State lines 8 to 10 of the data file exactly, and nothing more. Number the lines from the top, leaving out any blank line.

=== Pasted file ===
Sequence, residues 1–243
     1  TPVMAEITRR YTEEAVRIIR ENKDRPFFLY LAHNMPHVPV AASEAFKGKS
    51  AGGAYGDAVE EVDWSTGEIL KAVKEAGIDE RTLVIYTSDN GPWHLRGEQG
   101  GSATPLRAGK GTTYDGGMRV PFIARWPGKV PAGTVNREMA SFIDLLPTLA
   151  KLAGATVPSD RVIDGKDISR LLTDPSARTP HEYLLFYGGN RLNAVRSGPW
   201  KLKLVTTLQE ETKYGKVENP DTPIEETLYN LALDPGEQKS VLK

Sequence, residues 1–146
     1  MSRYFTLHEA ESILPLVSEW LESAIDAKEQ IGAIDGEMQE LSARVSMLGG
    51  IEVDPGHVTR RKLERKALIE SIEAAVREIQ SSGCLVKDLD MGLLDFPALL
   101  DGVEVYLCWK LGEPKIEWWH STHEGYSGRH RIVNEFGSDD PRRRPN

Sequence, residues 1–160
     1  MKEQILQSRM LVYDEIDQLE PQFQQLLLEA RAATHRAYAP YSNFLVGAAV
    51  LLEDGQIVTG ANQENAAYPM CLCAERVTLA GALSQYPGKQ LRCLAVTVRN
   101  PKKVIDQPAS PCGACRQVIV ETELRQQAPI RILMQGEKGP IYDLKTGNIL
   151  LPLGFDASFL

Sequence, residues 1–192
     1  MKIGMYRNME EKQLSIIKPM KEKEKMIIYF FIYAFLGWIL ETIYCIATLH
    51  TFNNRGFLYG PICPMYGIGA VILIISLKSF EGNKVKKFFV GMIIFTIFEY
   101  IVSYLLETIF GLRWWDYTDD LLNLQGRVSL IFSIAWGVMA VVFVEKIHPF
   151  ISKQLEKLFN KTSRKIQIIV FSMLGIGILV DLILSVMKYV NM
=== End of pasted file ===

     1  MSRYFTLHEA ESILPLVSEW LESAIDAKEQ IGAIDGEMQE LSARVSMLGG
    51  IEVDPGHVTR RKLERKALIE SIEAAVREIQ SSGCLVKDLD MGLLDFPALL
   101  DGVEVYLCWK LGEPKIEWWH STHEGYSGRH RIVNEFGSDD PRRRPN